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Down Comes The Night by magnolia_magic
Chapter 4 : Chapter Four
Rating: 15+Chapter Reviews: 12

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Chapter image by the amazing Carnal Spiral @ TDA



Salazar and I had agreed to meet in the library after our classes ended the following day, and the hour arrived much faster than I would have liked. I had tried not to think about the dungeon at all that day, focusing instead on staying attentive to my classes. But even with my attention so occupied, I could not suppress the dread that had settled in the pit of my stomach. Had I been mad to agree to Salazar’s condition, to voluntarily expose myself to the shape-shifter? I had seen the effect the creature had had upon Salazar himself, and I had no desire to experience such a thing myself. But I had found it impossible to refuse him.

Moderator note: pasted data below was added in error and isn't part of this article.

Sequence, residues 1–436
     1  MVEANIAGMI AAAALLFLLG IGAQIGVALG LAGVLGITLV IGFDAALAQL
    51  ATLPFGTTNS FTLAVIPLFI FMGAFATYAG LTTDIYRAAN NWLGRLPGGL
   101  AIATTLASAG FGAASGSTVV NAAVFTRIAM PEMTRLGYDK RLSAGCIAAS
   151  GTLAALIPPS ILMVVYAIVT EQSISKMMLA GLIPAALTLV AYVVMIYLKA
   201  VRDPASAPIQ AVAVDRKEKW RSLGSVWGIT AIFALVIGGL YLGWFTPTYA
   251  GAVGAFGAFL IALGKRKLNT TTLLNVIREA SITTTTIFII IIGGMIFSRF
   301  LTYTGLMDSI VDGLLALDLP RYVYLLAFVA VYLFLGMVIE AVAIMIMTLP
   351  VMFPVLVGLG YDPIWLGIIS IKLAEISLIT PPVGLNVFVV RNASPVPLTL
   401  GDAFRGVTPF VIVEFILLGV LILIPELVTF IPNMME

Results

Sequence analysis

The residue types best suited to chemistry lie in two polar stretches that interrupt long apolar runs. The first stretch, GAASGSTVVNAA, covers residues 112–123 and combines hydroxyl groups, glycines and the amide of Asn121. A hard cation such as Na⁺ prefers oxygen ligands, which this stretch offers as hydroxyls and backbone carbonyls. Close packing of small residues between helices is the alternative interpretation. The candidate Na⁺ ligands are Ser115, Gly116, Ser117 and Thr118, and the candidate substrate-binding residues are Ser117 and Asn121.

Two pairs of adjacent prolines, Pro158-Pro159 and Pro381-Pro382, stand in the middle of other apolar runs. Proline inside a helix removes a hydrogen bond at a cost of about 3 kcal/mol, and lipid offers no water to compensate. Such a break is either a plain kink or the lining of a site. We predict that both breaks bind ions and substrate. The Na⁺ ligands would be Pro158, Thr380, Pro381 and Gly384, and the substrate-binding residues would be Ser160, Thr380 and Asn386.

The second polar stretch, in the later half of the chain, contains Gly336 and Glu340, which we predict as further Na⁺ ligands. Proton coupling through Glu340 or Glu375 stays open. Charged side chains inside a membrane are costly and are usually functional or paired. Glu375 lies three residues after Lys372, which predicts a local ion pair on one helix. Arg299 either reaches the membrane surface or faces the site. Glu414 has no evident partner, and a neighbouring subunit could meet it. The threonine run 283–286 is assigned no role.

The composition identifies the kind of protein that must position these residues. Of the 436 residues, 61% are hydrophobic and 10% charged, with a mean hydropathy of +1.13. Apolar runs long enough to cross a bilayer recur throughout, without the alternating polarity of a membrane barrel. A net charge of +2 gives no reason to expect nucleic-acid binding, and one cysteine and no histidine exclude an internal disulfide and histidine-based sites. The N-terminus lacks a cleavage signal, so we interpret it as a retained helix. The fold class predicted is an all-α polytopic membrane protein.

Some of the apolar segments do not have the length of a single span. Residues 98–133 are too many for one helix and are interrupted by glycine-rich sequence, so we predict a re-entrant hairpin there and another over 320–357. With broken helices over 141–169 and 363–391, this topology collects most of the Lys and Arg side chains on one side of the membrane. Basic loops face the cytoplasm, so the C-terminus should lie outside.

As I prepared to take my leave, I was surprised to see that not all my students had left the classroom when I’d dismissed them. One had stayed behind, a girl with thin brown hair and very round eyes. She was looking dejectedly down at her wand, and I could guess the reason why.

“Was there something you needed to ask, Mary?” I tried to make my voice especially gentle.

“I can’t do it, Professor,” she whispered despairingly. “It’s too hard. I’m hopeless.”

“Oh, nonsense,” I said cheerfully, coming over to kneel next to her seat. Even after only a few months of teaching them, I had come to know each of my students like the back of my own hand, and I knew Mary’s problem was not a lack of aptitude. It was simply a lack of confidence. “You have the skills, love. But tell me, why do you find it so difficult to use them?”

“I just can’t do it with people looking at me.”